Despite the fact that synthetic peptide analogs of PKI are likely to be a more specific inhibitor of PKA compared with other compound inhibitors like H89, they have their own issues. High concentrations of synthetic peptide analogs of PKI also inhibits PKG, thus caution still needs to be applied when using PKI analogs to selectively inhibit PKI (Glass et al., 1992).

Other Biological Ways of PKA Inhibition

Although synthetic peptide analogs of PKI are more effective and specific compared with H89, they have their drawback as an imperfect PKA inhibitor. With the development of molecular biology techniques, novel methods for inhibiting or knocking down PKA have been developed, which has facilitated our understanding of PKA’s role in biological and pathological processes.

For cellular studies, several methods are available for reducing or eliminating PKA activity. Among them, the most popular is small interfering RNAs (siRNA) or RNA interference (RNAi). Since siRNA was reported in 1998 (Fire et al., 1998), it has been used for knocking down the expression of various kinds of proteins. For PKA, siRNA was used to knockdown at least two PKA isoforms, namely α and β isoforms (Dumaz and Marais, 2003; Rudolph et al., 2007; Monaghan et al., 2008; Murray, 2008). Recently, this approach has been proven to be effective in several kinds of cells including human smooth muscle cells, cardiomyocytes, preadipocytes, adipocytes as well as retinal endothelial cells (Peng et al., 2012; Toneatto et al., 2013; Zhang and Steinle, 2013; Zhang et al., 2013b; Kang et al., 2014). The expression of cardiac PKA could be effectively knocked down (>70%) through intramyocardial injection of PKA-siRNAs (Zhang et al., 2013b). Besides PKA siRNA, the introduction of a nonfunctioning PKA mutant, such as a dominant negative forms of PKA, has been used for specific suppression PKA in the examination of the function of PKA (Howe and Juliano, 2000; Hayashida et al., 2006).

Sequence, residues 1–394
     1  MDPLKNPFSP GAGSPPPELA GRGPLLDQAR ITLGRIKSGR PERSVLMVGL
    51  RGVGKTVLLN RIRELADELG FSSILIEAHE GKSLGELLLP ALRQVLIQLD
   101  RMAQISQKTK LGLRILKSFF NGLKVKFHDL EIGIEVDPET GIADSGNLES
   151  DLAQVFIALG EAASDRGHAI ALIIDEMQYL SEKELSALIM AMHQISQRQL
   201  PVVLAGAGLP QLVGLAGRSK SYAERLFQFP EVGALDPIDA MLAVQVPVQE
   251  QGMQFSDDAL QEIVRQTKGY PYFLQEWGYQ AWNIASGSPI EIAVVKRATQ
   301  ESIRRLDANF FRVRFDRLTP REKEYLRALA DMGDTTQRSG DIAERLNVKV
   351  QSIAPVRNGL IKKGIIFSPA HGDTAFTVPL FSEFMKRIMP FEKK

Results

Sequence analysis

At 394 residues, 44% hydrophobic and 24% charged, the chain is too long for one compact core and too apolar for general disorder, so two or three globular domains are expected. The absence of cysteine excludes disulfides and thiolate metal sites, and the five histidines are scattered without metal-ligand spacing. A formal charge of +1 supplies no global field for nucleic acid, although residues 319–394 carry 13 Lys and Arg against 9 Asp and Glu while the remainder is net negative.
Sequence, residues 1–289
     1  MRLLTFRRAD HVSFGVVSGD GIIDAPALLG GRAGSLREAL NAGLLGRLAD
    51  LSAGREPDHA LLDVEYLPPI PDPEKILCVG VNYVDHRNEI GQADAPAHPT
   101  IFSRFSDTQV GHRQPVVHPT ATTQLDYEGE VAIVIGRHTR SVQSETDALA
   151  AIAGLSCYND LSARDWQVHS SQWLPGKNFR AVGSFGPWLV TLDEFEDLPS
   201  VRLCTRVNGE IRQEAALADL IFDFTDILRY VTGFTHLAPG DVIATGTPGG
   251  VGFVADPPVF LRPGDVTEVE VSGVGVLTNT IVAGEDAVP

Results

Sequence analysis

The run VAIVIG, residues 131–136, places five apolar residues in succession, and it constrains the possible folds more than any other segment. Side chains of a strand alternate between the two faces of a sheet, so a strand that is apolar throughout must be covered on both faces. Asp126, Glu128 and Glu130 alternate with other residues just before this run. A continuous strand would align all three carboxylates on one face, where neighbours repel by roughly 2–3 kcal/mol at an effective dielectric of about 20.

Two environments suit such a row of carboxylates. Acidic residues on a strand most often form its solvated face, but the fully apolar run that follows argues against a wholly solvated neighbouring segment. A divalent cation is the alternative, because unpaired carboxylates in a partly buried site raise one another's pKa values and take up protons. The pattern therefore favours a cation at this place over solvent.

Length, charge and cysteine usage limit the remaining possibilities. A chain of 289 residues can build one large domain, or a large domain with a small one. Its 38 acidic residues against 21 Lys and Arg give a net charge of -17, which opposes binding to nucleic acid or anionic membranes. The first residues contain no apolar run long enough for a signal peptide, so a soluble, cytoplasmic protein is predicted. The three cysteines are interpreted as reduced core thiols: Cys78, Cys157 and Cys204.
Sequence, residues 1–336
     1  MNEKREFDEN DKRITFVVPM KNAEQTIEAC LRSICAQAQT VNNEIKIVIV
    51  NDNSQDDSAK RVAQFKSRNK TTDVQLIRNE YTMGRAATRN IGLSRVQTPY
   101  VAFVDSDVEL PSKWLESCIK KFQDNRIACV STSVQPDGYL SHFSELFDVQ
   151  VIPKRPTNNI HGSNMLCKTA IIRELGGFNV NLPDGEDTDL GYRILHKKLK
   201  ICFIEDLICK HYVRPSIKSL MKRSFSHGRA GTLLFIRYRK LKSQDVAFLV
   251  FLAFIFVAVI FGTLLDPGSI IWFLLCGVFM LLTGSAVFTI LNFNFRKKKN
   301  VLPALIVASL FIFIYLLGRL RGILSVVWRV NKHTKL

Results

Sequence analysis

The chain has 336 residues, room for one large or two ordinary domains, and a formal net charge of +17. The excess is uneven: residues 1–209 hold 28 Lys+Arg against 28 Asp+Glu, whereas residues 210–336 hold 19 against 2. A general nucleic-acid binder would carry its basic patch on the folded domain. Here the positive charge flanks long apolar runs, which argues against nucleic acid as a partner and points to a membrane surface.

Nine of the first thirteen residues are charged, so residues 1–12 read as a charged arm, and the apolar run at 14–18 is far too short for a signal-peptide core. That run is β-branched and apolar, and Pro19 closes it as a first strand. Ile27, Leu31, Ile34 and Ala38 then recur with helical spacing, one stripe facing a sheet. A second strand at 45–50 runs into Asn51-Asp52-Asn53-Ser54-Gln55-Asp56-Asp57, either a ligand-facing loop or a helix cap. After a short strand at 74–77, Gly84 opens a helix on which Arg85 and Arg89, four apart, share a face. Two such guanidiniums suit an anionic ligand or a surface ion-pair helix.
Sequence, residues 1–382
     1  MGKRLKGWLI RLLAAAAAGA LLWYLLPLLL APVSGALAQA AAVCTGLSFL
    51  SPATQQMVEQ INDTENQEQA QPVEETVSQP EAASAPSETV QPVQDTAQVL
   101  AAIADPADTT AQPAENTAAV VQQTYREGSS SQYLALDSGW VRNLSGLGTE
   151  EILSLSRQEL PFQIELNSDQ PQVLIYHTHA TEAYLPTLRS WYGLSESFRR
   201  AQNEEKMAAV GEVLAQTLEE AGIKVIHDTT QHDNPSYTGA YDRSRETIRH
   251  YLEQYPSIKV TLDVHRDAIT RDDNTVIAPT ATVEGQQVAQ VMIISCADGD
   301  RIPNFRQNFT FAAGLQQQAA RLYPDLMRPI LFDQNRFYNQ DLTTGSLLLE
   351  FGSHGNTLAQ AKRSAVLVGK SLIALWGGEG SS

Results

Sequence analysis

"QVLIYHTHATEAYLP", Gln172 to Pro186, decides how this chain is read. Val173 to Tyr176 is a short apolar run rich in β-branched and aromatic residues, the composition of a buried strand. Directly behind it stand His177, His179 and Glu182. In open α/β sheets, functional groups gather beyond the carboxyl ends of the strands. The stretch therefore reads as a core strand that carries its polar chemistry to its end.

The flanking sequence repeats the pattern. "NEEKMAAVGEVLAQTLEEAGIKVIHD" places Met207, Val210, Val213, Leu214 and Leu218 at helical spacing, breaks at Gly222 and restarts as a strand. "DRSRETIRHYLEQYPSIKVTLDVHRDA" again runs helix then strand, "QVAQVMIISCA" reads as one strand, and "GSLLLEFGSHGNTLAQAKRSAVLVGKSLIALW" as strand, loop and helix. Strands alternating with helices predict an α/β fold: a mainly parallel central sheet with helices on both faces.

Conclusion

PKA has been extensively studied, and it is an important regulator of various cellular processes and disorders in almost all systems. Recently, methods taking advantage of PKI have proven to be more effective and specific in the inhibition of PKA than chemical PKA inhibitors and widely used in studies regarding biological roles of PKA. However, PKI can inhibit PKG at high concentrations and thus should be used with caution. More research on PKI ought to be conducted to improve its specificity.

Author Contributions

CL, PK, and XZ were in charge of searching all the relative papers and writing this manuscript. JZ was in charge of drawing the picture. XC guided the organization and drafting of this manuscript. All authors contributed to the article and approved the submitted version.

Funding

This work was supported by grants from the National Natural Science Foundation of China (81871596), Shanghai Pujiang Program (18PJD062), and the National Natural Science Foundation of China (81670260).

Conflict of Interest

The authors declare that the research was conducted in the absence of any commercial or financial relationships that could be construed as a potential conflict of interest.

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Keywords: protein kinase inhibitor peptide, protein kinase A, cyclic adenosine monophosphate, H89, protein kinase A inhibition

Citation: Liu C, Ke P, Zhang J, Zhang X and Chen X (2020) Protein Kinase Inhibitor Peptide as a Tool to Specifically Inhibit Protein Kinase A. Front. Physiol. 11:574030. doi: 10.3389/fphys.2020.574030

Received: 18 June 2020; Accepted: 02 November 2020;
Published: 25 November 2020.

Edited by:

Kate L. Weeks, Baker Heart and Diabetes Institute, Australia

Reviewed by:

Joseph Robert Burgoyne, King’s College London, United Kingdom
Danilo Lustrino, Federal University of Sergipe, Brazil

Copyright © 2020 Liu, Ke, Zhang, Zhang and Chen. This is an open-access article distributed under the terms of the Creative Commons Attribution License (CC BY). The use, distribution or reproduction in other forums is permitted, provided the original author(s) and the copyright owner(s) are credited and that the original publication in this journal is cited, in accordance with accepted academic practice. No use, distribution or reproduction is permitted which does not comply with these terms.

*Correspondence: Xiongwen Chen, xchen001@temple.edu; Chong Liu, wanlc2004@aliyun.com

These authors have contributed equally to this work